Islamabad, Pakistan—Pakistan is beginning to reap the benefits of Chinese investment in renewable energy infrastructure, with the opening of the first wind power project constructed as part of the huge China-Pakistan Economic Corridor, aimed at overhauling the country’s transport and energy systems.
The nearly 50 megawatt wind farm is located on over 680 acres (275 hectares) of land in Jhimpir, near the shores of the picturesque Keenjhar Lake, around two hours’ drive from the city of Karachi.
Jhimpir is part of the so-called “Gharo-Jhimpir wind corridor” in Sindh province, a 110 mile stretch of coastal land that the Pakistan Meteorological Department says has the potential to produce 11,000 MW of electricity through wind power.
The corridor is home to Pakistan’s earliest wind project, which began in 2009 with just a few turbines and was upgraded to an installed capacity of 56 MW by 2012.
The new wind farm, which opened last month, has been developed by Sachal Energy Development, with financing from the Industrial and Commercial Bank of China.
Pakistan and China have signed around $57 billion of energy and infrastructure projects under the China-Pakistan Economic Corridor (CPEC). Most of this investment is going towards coal-fired power plants, fueled both by imported coal and by coal mines in Pakistan’s Thar Desert.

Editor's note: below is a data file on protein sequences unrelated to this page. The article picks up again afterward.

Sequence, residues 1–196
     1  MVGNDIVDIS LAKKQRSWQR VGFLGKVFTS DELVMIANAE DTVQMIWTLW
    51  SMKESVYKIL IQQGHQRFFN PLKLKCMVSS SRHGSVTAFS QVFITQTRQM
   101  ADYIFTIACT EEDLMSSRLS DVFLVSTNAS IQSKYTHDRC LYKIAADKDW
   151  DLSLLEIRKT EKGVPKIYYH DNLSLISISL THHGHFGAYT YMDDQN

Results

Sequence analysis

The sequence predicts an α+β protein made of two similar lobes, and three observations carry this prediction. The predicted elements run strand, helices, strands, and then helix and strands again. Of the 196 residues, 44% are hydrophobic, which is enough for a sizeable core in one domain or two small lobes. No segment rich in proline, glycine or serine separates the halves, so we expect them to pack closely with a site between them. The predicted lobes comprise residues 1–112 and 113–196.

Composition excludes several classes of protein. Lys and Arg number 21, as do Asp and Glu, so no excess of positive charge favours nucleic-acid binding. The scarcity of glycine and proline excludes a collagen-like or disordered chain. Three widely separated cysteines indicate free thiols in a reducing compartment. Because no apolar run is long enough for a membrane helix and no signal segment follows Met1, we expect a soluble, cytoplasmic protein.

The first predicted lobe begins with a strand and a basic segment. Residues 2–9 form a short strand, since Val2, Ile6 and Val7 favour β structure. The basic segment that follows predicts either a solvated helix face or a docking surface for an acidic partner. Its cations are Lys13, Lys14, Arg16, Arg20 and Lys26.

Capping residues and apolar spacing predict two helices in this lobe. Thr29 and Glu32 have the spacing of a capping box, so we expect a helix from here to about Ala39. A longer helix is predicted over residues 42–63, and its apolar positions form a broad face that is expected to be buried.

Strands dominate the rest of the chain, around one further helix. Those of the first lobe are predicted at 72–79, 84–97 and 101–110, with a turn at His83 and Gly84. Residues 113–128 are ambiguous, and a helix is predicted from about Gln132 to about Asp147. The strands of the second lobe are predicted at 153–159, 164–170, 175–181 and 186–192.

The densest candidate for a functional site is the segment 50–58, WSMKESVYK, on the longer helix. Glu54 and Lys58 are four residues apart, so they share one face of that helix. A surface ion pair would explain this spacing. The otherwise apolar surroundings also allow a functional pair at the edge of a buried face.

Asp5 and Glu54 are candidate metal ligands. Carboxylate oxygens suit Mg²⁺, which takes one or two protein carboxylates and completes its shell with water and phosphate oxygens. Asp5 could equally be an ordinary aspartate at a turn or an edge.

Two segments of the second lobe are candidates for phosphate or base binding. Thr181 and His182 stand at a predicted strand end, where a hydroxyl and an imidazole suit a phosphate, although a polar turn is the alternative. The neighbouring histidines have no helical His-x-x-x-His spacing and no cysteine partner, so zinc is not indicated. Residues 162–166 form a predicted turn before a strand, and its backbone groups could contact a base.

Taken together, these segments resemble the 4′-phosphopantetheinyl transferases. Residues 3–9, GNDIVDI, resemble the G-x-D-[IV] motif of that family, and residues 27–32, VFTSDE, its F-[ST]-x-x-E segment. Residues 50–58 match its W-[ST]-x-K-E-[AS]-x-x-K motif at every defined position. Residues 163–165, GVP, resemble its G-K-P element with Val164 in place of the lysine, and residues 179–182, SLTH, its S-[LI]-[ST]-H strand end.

The CPEC projects aim to boost energy production in Pakistan to reduce shortages that lead to regular power outages.
The country can produce as much as 23,000 MW of power, but experts say that there is a shortfall of as much as 5,000 MW during periods of peak demand – and demand is increasing by the day given the rapidly growing population.
CPEC energy projects are expected to add around 17,000 MW to the national grid in the next few years through what are being called “early harvest” projects to overcome the energy crisis.
Most of these are coal-powered plants, such as the 1,320 MW Sahiwal plant in Punjab, which was…